This topic has had its fair share of debates in many malaria forums. However it has always remained as a case of the chicken and egg, one thing is however clear about the phenomena, that the two share one thing in common, that both of them thrive within each other.
Malaria may rarely hit the headlines, but it is certainly one of Africa's greatest killers, claiming at least one million lives annually in the sub Sahara region alone. Though not directly there is reason to believe that it is partly responsible for Africa’s impoverishment woes.
Malaria is often referred to as the epidemic of the poor. Whilst the disease is in large part determined mainly by climate and ecology, and not poverty per se, the impact of malaria takes its toll on the poorest, those least able to afford preventative measures and medical treatment.
According to UN economists, malaria is one of the top four causes of poverty. Every year it kills 3 million people and is estimated to cost the African economy $30 billion per year. Professor Jeffrey Sachs author of “End of Poverty” says ending malaria is the most important priority in lifting Africa out of poverty.
An example of the connection between malaria and poverty is the sale of bad drugs to poor people. According to WHO estimates, 20% of the people who die from malaria, die because they took bad drugs. Poor people may not afford proper antimalaria medication unless the medicines are subsidized.
The indirect costs of malaria include lost productivity or income associated with illness or death. This might be expressed as the cost of lost workdays or absenteeism from formal employment and the value of unpaid work done in the home by both men and women. In the case of death, the indirect cost includes the discounted future lifetime earnings of those who die.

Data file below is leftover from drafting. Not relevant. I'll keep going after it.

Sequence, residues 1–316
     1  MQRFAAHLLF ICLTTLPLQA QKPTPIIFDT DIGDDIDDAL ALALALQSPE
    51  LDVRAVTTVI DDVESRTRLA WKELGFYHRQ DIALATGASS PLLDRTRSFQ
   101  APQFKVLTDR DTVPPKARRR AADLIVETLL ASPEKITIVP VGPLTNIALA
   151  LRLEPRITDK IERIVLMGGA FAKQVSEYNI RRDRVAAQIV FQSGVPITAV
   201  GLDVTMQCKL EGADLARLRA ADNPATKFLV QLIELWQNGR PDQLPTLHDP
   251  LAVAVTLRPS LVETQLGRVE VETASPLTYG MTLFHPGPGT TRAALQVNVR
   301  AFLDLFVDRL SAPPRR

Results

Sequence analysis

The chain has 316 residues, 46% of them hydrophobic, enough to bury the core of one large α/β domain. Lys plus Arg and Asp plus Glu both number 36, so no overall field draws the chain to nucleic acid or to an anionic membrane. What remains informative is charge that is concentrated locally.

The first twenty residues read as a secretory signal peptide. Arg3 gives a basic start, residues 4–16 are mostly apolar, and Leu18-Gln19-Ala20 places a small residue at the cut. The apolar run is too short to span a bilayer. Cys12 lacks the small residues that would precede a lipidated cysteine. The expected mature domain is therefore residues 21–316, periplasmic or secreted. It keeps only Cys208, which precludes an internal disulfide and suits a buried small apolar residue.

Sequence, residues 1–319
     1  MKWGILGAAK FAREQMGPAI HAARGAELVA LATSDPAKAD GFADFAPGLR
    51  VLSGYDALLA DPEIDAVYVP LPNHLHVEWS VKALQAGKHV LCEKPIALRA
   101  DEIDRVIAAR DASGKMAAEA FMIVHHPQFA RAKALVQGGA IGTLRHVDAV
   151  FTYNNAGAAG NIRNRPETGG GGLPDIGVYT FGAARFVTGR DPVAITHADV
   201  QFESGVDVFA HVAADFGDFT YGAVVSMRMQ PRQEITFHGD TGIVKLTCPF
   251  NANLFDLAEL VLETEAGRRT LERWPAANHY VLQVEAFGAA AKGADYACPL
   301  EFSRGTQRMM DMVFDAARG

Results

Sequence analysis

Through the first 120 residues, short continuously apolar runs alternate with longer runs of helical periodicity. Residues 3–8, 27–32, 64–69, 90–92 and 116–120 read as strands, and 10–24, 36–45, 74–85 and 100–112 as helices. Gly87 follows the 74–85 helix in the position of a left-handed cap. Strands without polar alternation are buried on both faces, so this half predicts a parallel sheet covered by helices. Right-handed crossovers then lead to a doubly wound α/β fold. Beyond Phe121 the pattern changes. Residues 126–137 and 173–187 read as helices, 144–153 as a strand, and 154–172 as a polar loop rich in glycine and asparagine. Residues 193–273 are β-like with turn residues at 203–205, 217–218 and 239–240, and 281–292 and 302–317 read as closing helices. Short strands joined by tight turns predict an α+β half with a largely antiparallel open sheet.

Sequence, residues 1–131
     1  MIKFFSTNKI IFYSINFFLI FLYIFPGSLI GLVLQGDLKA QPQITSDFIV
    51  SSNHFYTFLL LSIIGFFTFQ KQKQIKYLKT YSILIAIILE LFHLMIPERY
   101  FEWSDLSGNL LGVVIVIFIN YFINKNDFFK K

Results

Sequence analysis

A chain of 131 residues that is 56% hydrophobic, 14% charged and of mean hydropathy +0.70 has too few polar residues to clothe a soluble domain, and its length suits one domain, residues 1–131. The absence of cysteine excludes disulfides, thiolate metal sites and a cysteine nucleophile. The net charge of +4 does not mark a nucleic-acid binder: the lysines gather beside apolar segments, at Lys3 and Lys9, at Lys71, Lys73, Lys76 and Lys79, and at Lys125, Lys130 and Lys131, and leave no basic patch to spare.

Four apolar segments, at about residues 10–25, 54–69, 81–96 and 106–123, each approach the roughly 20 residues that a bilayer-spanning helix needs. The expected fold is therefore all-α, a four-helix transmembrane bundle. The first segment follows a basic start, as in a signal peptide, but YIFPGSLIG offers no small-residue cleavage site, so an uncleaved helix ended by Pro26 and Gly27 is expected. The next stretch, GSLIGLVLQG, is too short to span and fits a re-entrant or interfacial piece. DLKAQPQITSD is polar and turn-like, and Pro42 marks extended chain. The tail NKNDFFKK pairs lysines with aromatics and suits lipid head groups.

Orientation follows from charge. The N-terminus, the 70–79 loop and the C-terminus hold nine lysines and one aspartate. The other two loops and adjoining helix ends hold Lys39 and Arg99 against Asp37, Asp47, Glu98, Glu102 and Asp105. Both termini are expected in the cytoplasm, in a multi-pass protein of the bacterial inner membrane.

The direct costs include a combination of personal and public expenditures on both prevention and treatment of the disease. Personal expenditures include individual or family spending on insecticide treated mosquito nets (ITNs), doctors' fees, anti-malarial drugs, transport to health facilities, support for the patient and sometimes an accompanying family member during hospital stays.
Public expenditures include spending by government on maintaining health facilities and health care infrastructure, publicly managed vector control, education and research. In some countries with a heavy malaria burden, the disease may account for as much as 40% of public health expenditure, 30-50% of inpatient admissions, and up to 50% of outpatient visits.
African leaders should therefore endeavor to eliminate malaria. Such an achievement would save millions of lives and eradicate the vicious cycle of poverty and disease that continues to grip the continent by saving the $30 billion per year that it loses in productivity and medical costs every year.